This week’s post is by Rabbi Ben Spratt, the Senior Associate Rabbi of Congregation Rodeph Sholom in Manhattan.
I begin with a belief that is neither new nor radical: the purpose of Judaism is fulfillment and flourishing, personally and globally. Maimonides made this claim in his Guide for the Perplexed, saying that the whole of the Torah “aims at two things: the wellness of the soul and the wellness of the body,” and the Torah itself says that its purpose is to help people live in a way that is “wise and discerning.” Nahmanides held that every mitzvah, every Jewish responsibility and practice has a to’elet – a benefit – intended to help our growth of mind, body, and spirit. Jewish wisdom and practice carries with it an implicit promise to make one better, wiser, and more fulfilled. The challenge is that many of us have lost a purpose beyond the monikers of “tradition” and “continuity.” For many of us, when we look at the sources of fulfillment and meaning in our lives, Judaism is often not its primary source.
There is a reason why meditation studios are booming, why every SoulCycle class is filled, and why wellness has exploded into a 3 trillion-dollar industry. In 2019, we crave fulfillment and meaning, and we are willing to invest our time, energy, and money in the places that offer them.
And there is a reason why we prioritize a night out on the town over a night volunteering in our congregational homeless shelter. Why most are more likely to light the screen on our Kindle than kindle the Shabbat candles. Why one of the most popular Jewish books on Amazon is How to lead a 10-minute Passover Seder, but there’s seemingly no market for the book on How to Feel Like you Ran the NYC Marathon in 10 Minutes. Obligation is not enough to consistently take us to the heights of humanity nor the peaks of Jewish life.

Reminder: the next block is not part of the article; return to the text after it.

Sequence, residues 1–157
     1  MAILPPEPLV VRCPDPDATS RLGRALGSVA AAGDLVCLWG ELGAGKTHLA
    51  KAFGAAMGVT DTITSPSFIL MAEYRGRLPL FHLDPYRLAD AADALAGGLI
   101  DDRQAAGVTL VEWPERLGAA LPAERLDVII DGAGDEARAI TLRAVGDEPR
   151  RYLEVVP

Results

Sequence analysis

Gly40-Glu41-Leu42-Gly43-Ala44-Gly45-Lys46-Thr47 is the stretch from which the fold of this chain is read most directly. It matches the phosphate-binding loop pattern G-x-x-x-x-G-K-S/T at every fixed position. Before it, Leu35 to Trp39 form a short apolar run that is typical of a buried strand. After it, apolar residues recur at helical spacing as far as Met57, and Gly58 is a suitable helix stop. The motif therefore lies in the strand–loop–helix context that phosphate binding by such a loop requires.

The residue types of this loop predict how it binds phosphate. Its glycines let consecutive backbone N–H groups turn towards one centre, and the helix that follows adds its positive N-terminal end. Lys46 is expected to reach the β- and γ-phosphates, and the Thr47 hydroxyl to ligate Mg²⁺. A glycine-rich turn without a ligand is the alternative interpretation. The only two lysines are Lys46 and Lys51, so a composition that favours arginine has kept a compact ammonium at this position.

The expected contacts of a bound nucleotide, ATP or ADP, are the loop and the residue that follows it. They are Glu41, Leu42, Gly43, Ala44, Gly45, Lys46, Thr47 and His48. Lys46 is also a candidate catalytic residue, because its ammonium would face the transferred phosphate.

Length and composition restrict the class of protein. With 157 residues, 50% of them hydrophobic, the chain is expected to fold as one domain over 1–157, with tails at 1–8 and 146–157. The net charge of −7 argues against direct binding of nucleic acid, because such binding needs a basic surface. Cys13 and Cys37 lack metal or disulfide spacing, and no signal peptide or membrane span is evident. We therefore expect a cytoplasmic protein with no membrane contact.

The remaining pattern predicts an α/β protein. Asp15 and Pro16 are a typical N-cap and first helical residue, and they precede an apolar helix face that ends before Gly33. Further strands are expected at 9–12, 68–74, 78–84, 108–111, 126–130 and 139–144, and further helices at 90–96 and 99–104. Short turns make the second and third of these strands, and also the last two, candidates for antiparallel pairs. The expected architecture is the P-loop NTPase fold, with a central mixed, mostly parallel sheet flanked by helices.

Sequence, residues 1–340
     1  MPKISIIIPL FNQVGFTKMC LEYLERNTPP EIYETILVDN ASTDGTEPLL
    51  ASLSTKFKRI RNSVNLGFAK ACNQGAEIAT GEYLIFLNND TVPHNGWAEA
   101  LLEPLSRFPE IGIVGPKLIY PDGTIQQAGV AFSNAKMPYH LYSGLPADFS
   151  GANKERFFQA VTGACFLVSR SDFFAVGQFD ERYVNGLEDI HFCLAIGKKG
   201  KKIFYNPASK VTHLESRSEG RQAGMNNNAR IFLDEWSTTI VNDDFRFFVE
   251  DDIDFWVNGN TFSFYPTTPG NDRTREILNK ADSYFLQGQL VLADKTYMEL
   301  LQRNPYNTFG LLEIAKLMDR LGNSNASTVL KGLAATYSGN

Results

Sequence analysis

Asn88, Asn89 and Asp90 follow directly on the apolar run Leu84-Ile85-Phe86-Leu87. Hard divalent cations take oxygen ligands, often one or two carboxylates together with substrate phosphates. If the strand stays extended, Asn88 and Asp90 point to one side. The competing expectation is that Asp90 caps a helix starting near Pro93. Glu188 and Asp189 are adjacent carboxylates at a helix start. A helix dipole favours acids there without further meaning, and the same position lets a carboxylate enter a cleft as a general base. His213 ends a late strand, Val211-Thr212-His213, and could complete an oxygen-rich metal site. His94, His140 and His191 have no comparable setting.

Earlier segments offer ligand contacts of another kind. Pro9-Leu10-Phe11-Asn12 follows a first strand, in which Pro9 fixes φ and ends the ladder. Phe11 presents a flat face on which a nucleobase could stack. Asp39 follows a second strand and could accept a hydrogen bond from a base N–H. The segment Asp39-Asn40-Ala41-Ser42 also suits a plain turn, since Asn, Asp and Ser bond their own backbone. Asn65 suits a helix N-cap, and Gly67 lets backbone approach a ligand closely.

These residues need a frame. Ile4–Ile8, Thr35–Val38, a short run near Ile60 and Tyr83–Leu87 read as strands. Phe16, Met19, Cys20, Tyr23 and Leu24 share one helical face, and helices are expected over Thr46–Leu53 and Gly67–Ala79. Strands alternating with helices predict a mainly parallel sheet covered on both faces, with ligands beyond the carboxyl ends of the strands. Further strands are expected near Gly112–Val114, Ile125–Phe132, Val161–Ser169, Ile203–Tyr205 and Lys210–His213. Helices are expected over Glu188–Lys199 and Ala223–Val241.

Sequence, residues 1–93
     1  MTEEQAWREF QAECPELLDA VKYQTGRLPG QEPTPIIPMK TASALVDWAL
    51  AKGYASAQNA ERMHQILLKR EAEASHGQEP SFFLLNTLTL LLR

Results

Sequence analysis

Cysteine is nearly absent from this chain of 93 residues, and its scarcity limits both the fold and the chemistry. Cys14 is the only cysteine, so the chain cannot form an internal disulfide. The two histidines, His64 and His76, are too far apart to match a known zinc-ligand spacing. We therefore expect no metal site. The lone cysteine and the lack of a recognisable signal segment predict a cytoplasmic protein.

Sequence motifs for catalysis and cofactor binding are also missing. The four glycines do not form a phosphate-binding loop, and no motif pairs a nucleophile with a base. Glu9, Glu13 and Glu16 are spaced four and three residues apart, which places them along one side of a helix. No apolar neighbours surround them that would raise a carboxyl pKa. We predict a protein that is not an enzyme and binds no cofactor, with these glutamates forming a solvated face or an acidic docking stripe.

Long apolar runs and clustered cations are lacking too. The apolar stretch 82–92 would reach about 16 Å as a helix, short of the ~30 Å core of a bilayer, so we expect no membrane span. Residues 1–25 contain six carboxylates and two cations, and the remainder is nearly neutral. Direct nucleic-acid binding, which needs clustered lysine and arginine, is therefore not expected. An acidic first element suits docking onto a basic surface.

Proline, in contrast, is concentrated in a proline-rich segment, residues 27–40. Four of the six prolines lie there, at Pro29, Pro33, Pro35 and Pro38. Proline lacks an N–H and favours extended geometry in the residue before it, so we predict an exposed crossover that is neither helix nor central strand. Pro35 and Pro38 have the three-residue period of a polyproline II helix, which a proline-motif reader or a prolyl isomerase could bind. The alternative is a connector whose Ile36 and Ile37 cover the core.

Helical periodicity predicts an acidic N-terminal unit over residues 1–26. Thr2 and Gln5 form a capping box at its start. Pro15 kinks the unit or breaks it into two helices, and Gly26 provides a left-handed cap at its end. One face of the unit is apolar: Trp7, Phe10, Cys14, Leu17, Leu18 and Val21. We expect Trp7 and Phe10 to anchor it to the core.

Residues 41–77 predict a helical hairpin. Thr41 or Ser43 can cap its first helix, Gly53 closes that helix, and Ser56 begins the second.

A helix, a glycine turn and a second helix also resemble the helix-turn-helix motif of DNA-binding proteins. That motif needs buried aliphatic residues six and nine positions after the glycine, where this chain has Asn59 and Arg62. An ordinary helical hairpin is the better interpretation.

When Jewish practice feels off-message, when doing Jewish feels only like a nod to the past without also being a courageous practice towards the future, when Jewish learning conjures up memories of falling asleep more than recalling our greatest times of inspiration, we see what happens when we spin away from meaningful purpose. And what an inspiring purpose we have – our purpose is fulfillment, in our life and the life of the world around us. In the way that the term “mindfulness” has come to mean “intentional, calm, centered,” and “organic” has come to mean “healthy” and “better,” imagine if “Jewish” meant “authentic,” “fulfilling,” “a pathway to thriving?”
In pondering the propositions of Jewish Megatrends, I was struck by not only the resonance with patterns already emerging in my own congregation and beyond, but also with the ancient echoes of those before us. For me, I would place the final proposition (4) as our core priority both personally and collectively: “In an age when we better understand the shortcomings of capitalism and the culture of consumerism, the Jewish community must offer a glimpse of kedusha, experiences that provide holiness, transcendent meaning and a sense of purpose.” In reorienting the purpose of Judaism away from merely its own perpetuation, we also expand the sense that Judaism’s purpose should elevate and illuminate our own personal purposes as well. If Jewish practice and wisdom can help us hold meaningful moments and clarify a vision that drives us forward, it offers a measurable value that will inspire motivation.